The actual guitar itself is made of Poplar, featuring the traditional Fender specs throughout its build. This includes a Maple neck, C-shape neck contour, 9.5” fretboard radius, and 25.5” scale length.
Laurel is the featured wood on this Stratocaster, offering 21 accessible narrow-tall frets. A traditional bolt-on modular neck joint is also featured on this guitar.
While it’s definitely a budget guitar, Squier didn’t reserve any features. This includes things like:
- 3x Strat single-coil pickups
- 5-way switch
- 2x tone knobs
- Master volume knob
- Closed gear tuners
- Plastic nut
- Vintage-inspired synchronized tremolo
- 6-string block saddles
Aside from the guitar, you’ll get a small 10W solid-state amplifier (Frontman 10G). This has a clean channel and an overdrive channel, along with headphone output and auxiliary input.
Along with the amp come items such as:
- Guitar cable
- Guitar strap
- Allen wrenches for saddle/truss rod
- 3x guitar picks
- Gig bag
What’s So Special About The Squier Stratocaster Pack?
If you’ve been paying attention, you can immediately see why the Squier Stratocaster Pack deserves a recommendation. This is an option that certainly has more to offer than any other model mentioned in this article.
You might be scratching your head and wondering how such a package can exist when compared to other models. After all, if you know your Stratocaster specs, you can see this is a Stratocaster through and through.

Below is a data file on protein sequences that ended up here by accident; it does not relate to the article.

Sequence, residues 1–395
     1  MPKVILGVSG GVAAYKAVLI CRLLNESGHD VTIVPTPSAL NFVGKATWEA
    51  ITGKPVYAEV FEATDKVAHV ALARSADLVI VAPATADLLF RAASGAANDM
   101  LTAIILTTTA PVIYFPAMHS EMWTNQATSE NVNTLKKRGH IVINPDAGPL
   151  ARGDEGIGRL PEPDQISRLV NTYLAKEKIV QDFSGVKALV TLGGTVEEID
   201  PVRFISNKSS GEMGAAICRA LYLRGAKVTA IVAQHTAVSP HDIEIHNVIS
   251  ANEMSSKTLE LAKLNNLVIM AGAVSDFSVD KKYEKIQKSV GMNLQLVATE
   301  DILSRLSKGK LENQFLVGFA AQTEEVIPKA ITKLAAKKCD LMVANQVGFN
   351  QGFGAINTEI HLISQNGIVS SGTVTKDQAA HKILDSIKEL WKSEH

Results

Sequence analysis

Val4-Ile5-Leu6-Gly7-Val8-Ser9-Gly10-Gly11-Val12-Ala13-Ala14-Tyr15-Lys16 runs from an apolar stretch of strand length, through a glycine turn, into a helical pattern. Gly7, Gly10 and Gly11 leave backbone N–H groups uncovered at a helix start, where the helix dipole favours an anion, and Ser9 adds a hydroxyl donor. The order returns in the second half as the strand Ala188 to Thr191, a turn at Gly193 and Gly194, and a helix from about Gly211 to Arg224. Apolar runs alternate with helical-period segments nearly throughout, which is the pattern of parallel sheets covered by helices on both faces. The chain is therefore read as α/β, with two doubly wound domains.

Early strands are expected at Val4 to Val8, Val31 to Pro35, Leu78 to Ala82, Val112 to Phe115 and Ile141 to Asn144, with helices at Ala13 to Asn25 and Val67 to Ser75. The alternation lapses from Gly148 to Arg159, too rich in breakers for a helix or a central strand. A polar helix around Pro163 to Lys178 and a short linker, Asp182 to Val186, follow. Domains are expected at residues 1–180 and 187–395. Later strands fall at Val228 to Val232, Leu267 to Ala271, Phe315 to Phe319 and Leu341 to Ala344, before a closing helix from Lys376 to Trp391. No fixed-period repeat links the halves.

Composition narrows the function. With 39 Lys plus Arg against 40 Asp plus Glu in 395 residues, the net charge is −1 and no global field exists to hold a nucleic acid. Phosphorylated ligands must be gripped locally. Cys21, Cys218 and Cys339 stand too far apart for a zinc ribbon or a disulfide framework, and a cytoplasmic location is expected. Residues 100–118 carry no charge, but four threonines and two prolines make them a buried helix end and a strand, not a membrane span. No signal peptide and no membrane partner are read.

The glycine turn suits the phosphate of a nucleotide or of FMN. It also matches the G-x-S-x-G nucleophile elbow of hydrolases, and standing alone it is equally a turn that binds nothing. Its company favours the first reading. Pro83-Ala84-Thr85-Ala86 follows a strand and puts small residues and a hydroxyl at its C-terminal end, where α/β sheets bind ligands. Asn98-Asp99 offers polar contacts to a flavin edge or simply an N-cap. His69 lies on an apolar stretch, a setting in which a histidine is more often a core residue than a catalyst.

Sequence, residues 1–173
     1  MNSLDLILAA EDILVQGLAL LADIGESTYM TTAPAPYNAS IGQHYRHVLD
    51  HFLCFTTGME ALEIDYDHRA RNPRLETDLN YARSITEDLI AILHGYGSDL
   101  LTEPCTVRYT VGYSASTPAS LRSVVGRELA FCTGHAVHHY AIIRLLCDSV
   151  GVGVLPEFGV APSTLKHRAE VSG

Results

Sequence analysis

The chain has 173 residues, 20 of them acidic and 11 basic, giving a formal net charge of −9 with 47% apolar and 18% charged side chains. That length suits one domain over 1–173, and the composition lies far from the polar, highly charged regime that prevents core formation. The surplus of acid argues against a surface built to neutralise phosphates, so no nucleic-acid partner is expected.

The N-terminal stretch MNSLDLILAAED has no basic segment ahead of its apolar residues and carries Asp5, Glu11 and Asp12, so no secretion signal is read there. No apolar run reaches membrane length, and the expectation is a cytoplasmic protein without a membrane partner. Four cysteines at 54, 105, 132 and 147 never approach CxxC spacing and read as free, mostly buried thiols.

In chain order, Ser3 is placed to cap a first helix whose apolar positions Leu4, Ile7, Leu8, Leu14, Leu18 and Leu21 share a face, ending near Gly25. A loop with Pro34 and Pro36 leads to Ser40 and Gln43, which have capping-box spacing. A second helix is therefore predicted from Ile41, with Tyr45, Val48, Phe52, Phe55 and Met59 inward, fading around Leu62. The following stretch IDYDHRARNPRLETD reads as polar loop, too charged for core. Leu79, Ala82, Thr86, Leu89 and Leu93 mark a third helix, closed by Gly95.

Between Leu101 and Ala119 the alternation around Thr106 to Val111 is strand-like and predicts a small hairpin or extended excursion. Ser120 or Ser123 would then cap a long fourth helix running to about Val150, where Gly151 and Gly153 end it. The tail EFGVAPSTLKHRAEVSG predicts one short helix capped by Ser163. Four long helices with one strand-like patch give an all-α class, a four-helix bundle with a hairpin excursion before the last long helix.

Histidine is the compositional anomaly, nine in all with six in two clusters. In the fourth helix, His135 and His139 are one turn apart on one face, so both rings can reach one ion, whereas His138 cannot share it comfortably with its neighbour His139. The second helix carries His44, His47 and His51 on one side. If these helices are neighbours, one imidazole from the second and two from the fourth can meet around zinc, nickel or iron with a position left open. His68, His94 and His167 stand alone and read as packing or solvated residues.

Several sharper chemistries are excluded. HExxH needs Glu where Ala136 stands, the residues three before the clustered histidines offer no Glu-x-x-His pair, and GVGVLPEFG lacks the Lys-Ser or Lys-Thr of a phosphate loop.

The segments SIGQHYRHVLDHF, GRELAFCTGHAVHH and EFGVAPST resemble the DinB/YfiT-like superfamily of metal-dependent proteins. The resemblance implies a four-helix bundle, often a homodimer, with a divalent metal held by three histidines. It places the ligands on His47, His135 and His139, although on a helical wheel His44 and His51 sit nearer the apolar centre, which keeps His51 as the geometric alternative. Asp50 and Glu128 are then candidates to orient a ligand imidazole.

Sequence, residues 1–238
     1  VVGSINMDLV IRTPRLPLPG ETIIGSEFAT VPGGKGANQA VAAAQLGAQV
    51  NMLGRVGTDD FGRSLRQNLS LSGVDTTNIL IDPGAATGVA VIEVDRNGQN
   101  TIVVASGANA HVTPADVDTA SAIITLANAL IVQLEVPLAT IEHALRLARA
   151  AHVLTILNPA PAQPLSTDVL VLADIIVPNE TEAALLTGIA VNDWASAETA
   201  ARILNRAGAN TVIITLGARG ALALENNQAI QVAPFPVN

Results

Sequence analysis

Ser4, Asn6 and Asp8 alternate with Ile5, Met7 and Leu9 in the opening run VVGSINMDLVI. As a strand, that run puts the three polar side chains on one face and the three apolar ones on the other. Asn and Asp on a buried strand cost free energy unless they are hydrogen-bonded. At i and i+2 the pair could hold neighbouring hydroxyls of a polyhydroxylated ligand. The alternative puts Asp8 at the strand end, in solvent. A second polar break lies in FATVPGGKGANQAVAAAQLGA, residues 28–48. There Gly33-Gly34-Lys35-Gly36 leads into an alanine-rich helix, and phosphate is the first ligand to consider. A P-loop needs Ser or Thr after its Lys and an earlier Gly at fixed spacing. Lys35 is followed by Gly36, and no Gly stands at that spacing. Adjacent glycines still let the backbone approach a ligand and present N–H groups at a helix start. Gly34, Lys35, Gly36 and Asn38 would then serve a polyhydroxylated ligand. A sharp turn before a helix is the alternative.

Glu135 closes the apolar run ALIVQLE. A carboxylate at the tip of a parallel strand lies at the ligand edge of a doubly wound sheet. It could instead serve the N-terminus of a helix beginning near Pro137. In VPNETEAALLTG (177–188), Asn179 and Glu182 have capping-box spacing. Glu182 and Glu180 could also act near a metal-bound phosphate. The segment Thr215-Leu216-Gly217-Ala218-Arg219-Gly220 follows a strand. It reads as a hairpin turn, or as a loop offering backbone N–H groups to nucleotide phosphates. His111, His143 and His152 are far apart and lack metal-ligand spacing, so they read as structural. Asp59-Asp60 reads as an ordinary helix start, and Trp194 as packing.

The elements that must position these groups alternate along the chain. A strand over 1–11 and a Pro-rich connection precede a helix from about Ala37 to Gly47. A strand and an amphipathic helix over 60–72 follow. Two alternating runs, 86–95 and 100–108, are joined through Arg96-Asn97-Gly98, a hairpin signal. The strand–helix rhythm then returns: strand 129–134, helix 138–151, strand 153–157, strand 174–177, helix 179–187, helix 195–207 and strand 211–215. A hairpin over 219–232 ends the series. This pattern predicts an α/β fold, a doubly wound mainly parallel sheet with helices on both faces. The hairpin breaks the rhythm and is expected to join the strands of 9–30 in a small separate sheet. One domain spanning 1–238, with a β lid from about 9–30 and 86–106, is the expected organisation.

Surely, something doesn’t add up, right? Well, let’s say that the guitar might have the quality as one that you bought individually at the same price.
You could say that it’s the price to pay for an option that offers so much extra while being affordable. With that being said, the guitar in this bundle is more than sufficient enough to learn with.
An option like this is especially ideal for younger children or seniors who are simply curious about the guitar. It definitely saves you an incredible amount of time and money with regard to accessories.
All too often, a beginner will buy an electric guitar, only to find that they lack the necessities. Then, they’re spending beyond budget on an amplifier, strap, cable, picks, and everything else.
This gives you an opportunity to get started right away without any of that hassle. A 3-month subscription to Fender Play is included so you can take lessons on the very first day.
The amplifier definitely isn’t anything out of the ordinary, but it’s enough to practice with. Plus, you get a gig bag, which ironically isn’t even offered with some of the more expensive guitars.
This bundle provides quite the value for the right kind of person.
Squier Affinity Series Telecaster
This Telecaster keeps Fender’s longest solidbody tradition alive at an unbelievably affordable price. Its body is crafted out of Poplar and comes in a decent variety of color finishes including:
- Butterscotch blonde
- 3-color sunburst
- Lake Placid blue
- Olympic white
As you might expect, the neck is made from Maple and is crafted to have a comfortable C-shape contour. For the 21-fretted fretboard, you can choose between either Maple or Laurel for the material.
Construction-wise, this is a fairly standard Telecaster in every detail. This includes aspects such as:
- String-through-body design
- Bolt-on neck joint
Every guitarist knows that the Telecaster is incredibly versatile in terms of tone. This model is stocked with a pair of ceramic single-coils to help provide the essence of those classic tones.